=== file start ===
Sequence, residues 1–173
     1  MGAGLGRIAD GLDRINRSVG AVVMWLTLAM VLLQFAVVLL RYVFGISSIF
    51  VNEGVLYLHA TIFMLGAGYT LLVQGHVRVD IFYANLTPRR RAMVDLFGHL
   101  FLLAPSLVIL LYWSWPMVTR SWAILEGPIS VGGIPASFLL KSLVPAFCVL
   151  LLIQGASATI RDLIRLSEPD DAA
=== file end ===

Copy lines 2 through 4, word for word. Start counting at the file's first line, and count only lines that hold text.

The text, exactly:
     1  MGAGLGRIAD GLDRINRSVG AVVMWLTLAM VLLQFAVVLL RYVFGISSIF
    51  VNEGVLYLHA TIFMLGAGYT LLVQGHVRVD IFYANLTPRR RAMVDLFGHL
   101  FLLAPSLVIL LYWSWPMVTR SWAILEGPIS VGGIPASFLL KSLVPAFCVL